Ploughing Sand: British Rule in Palestine, 1917-1948
by Naomi Shepherd
New Brunswick, N.J.: Rutgers University Press, 2000. 290 pp. $28.
Reviewed by Daniel Pipes
Middle East Quarterly
The brief but memorable British interlude in the history of Palestine is normally told from the perspectives of the colonized or of high policy; Shepherd skillfully presents this oft-told tale from the more personal perspective of "the men who actually governed Palestine." The result is both refreshing and replete with new perspectives to explain the Zionist triumph in 1948-49. At the same time, the personal quality of her focus means she treads lightly over such controversial topics as immigration policy and Brits help to the Arabs in 1947-48.
The British interest in Palestine began on a slightly preposterous note, with the Balfour Declaration of 1917 calling for "the establishment in Palestine of a national home for the Jewish people" less out of a concern for a Jewish return to Zion than on the basis of a woefully inaccurate (indeed, anti-Semitic) belief that this promise would mobilize "international Jewish power" on the British side in World War I. The declaration also had a more fundamental flaw, assuming as it did that this national home could be achieved without offense to Arabs in Palestine. The inability to satisfy both Zionist and Arab wishes colored the whole British experience. Despite efforts to give the locals a direct hand in their governance, decisions had to be made by those officials (rendering Palestine more like a crown colony than a mandate). Worse, it led to an unparalleled failure. As one official observed, "In Palestine our difficulties are much greater than in other subject states." This tension culminated in an appropriately abysmal ending; Shepherd calls May 15, 1948, "probably the most shamefaced British withdrawal" from any of its possessions.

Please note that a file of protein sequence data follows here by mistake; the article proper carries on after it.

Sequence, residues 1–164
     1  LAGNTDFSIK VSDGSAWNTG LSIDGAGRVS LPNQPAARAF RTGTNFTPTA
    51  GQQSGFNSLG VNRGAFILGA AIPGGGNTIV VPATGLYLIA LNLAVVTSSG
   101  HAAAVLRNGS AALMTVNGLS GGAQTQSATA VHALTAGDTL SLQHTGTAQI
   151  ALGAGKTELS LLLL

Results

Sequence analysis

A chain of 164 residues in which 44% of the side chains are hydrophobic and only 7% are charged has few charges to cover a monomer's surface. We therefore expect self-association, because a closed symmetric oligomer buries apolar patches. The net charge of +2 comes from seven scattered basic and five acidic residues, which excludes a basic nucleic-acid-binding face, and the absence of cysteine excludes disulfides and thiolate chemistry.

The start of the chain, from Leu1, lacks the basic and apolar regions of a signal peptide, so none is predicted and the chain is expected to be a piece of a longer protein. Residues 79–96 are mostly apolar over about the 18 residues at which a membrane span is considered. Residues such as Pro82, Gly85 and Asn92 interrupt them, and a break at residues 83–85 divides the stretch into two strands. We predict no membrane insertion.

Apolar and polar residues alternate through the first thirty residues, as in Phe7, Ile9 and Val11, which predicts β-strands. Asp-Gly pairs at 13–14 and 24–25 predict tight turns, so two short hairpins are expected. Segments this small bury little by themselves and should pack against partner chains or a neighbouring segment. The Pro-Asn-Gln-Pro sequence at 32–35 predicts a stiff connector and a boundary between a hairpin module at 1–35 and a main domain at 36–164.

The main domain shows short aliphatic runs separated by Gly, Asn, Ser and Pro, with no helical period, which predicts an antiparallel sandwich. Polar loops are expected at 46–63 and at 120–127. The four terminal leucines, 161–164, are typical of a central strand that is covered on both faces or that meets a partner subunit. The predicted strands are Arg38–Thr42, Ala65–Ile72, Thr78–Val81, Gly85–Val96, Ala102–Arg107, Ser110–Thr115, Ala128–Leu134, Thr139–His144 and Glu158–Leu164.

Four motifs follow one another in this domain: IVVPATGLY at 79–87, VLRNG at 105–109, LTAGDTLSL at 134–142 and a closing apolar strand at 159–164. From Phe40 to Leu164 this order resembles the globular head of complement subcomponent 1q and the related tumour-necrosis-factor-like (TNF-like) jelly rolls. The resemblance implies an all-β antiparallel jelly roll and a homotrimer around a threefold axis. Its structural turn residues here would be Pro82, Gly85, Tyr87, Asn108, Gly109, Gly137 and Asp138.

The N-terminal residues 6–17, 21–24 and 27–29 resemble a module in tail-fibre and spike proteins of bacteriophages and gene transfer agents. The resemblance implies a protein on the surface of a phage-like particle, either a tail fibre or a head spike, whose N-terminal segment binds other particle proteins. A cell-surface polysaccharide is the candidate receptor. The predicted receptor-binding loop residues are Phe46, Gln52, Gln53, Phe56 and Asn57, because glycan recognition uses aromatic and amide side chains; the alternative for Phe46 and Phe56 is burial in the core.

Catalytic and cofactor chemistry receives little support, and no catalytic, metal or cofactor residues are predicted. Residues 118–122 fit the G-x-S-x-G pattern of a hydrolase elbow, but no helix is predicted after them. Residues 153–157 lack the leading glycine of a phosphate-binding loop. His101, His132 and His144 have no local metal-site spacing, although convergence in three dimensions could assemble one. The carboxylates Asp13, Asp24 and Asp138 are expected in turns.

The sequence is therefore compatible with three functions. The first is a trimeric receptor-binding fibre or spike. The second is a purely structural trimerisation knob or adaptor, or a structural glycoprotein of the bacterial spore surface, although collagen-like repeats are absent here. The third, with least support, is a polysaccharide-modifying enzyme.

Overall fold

But not everything was so negative, as Ploughing Sand colorfully and cheerfully explains. Some of the British soldiers of World War I were so taken with Palestine that they tried to register as settlers there. The surrender of Jerusalem took so long on a chilly December day that the mayor died of pneumonia three weeks later. So few British officials troubled to learn Hebrew that when a cache of documents had been seized, they had to be sent back home to be translated. Nor was this linguistic incapacity entirely unintended, as British officials liked to believe that speaking English inculcates tolerance. The Palestine Mandate enjoyed a high-level of staffing, for it offered a glamorous posting; in the words of one official, "There is no promotion after Jerusalem."
Related Topics: History | Daniel Pipes | Fall 2000 MEQ
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